Decorating a rental is always tricky. However, just because you cannot swap the flooring or drill a bunch of holes into the walls, it does not mean that you cannot make your space feel like home.
Little changes can go a long way in transforming the atmosphere without putting your deposit at risk. If you’ve recently moved into a rental and found that the interior design is not exactly your taste, here are a few tips that will help you turn that around.
Table of Contents
Talk to your landlord
First things first, before you do any kind of renovation project, it is essential that you are fully aware of what’s permitted within your contract.
Refresh your memory and read the agreement once again. Additionally, you can (and should) always ask your landlord before doing something to the property, and the best idea is to also put this in writing. Finally, you might want to steer clear of spending a lot on decorating the property. Consider whether the investment will pay off during your tenancy.
Start with the walls
Your landlord has most likely repainted the property before you moved in. However, if bare white walls do not speak to you, you can ask them whether you can add a coat of a color of your choice.
Naturally, bold colors are not recommended; but a light beige or yellowish shade can make a room feel warmer than stark white, so you can consider this option if your landlord gives you the green light.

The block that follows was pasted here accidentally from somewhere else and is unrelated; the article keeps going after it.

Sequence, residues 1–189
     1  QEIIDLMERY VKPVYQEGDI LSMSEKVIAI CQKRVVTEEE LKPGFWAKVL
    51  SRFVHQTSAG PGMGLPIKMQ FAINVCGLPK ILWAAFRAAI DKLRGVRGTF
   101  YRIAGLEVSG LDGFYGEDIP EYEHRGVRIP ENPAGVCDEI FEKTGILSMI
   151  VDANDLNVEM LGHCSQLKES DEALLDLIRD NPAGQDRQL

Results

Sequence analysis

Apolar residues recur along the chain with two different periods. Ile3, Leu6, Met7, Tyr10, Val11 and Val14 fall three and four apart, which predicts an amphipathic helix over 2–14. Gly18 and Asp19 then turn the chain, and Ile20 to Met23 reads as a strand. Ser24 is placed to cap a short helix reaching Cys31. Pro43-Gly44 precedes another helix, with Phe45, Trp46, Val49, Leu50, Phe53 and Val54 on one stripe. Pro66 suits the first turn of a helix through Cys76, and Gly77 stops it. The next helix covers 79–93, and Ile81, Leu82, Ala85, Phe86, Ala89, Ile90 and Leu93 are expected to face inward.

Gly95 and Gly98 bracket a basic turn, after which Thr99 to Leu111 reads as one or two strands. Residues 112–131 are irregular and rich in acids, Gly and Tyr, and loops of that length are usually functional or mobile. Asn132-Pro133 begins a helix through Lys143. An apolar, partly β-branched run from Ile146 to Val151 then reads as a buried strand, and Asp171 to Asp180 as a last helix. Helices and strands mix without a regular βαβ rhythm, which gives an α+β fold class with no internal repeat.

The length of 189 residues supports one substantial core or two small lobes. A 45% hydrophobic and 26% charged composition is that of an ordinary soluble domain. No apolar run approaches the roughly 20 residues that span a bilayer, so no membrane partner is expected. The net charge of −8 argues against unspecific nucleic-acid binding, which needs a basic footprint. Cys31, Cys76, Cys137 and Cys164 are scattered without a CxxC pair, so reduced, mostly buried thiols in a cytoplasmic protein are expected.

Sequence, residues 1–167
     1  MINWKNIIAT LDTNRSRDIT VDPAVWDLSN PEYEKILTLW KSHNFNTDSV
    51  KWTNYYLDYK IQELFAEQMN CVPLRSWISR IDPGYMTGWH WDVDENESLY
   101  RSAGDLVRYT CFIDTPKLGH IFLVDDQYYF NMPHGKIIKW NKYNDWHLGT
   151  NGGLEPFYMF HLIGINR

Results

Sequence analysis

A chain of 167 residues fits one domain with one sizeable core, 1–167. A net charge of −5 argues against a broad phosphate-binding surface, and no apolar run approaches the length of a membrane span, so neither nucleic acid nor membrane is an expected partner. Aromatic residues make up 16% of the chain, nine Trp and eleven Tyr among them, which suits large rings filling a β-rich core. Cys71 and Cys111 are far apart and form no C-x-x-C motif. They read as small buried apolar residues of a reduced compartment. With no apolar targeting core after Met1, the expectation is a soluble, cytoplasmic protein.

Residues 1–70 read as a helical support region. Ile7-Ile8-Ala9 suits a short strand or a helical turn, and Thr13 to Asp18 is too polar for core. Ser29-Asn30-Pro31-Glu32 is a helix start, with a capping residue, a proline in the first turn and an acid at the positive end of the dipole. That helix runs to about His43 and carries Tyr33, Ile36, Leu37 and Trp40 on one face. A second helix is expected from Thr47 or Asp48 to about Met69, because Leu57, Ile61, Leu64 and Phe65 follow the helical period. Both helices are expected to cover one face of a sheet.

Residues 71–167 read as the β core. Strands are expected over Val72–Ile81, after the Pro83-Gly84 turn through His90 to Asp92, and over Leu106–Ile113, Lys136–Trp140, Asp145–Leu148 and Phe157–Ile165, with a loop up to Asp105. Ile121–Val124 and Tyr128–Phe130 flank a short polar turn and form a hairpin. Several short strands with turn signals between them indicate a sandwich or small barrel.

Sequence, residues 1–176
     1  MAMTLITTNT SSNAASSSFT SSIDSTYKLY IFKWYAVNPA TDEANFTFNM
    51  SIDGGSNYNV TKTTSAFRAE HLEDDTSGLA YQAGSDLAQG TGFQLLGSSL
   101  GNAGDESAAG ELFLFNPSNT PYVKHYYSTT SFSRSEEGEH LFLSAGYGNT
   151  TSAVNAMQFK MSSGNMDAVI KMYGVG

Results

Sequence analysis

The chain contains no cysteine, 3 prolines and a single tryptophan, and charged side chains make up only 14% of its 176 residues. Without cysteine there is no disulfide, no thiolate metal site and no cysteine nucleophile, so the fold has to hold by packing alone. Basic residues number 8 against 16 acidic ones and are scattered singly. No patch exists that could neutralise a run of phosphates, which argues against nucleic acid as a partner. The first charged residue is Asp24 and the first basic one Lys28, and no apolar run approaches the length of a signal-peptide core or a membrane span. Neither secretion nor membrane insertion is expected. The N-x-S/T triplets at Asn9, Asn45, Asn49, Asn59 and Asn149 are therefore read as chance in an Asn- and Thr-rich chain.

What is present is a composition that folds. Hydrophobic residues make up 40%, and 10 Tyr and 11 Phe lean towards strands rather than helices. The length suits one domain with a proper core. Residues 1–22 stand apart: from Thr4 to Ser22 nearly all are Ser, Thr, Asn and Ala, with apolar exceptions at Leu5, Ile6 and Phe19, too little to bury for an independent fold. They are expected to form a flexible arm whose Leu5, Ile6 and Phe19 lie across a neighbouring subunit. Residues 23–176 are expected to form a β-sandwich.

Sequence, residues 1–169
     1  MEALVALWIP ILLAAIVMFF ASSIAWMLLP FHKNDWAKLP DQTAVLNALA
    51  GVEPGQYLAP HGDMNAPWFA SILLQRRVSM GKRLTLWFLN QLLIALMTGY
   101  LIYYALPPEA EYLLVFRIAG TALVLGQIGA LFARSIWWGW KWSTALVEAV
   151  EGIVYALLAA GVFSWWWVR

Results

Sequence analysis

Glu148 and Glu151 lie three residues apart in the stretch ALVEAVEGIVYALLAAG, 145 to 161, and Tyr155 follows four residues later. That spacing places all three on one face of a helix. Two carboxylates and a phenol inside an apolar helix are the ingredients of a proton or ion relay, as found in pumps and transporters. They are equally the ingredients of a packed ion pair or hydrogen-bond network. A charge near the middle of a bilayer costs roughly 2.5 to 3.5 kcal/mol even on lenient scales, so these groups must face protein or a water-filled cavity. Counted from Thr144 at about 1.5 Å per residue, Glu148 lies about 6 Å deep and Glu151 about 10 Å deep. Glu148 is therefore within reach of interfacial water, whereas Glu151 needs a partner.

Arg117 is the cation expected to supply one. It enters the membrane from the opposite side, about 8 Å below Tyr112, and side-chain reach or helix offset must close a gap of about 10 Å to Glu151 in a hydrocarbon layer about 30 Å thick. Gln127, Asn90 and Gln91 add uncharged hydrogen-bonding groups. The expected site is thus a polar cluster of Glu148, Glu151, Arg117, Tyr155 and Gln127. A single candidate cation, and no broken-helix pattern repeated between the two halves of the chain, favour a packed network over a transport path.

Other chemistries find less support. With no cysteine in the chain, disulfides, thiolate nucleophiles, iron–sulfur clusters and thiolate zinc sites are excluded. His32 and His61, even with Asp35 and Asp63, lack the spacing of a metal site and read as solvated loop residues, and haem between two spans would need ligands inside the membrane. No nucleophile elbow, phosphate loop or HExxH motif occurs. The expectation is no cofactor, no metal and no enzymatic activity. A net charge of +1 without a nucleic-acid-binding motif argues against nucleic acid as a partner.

If not, there is still no reason to despair. There are more and more wall décor options on the market that are specially designed to leave no trace.
Look into removable wallpapers or vinyl decals and you’ll be able to take them with you when you eventually move out. Dressing up just one wall in a lavish pattern will immediately add some interest to a space that lacks character.
Assess your lighting fixtures
What rentals often have issues with is lighting. It’s not necessarily poor lighting that is the issue, but rather, fixtures that simply don’t cut it.
They are either dated and don’t provide the best illumination, or they are, bluntly put an eyesore. Now, you may be able to swap some of the lighting fixtures without having to drill or do any other “invasive” procedure, but be sure to ask your landlord in any case. They will most likely allow you to do so.
If your rental’s lighting situation is barely adequate but there’s the issue of keeping the walls immaculate, what you can very easily do is introduce additional lighting in the form of floor lamps. They are a stylish addition that will contribute to both the aesthetics and the functionality of your space.
Dress it up with fabrics
If you’ve moved into a furnished property, you might think that there’s little room for your creative vision. Still, there are many ways to accommodate the furniture that may not be especially attractive to fit into your design. This is where the smart use of fabrics comes into the picture.
Your sofa’s color does not spark joy in you? Get a few throw blankets and pillowcases and you’ll be able to hide what you don’t like for a small cost. You can also create a huge impact by simply swapping your window treatments.
A similar strategy will also come in handy in other areas. For instance, the property may have dated flooring you’d rather not draw attention to. You can get an attractive rug and completely transform your living room, for instance.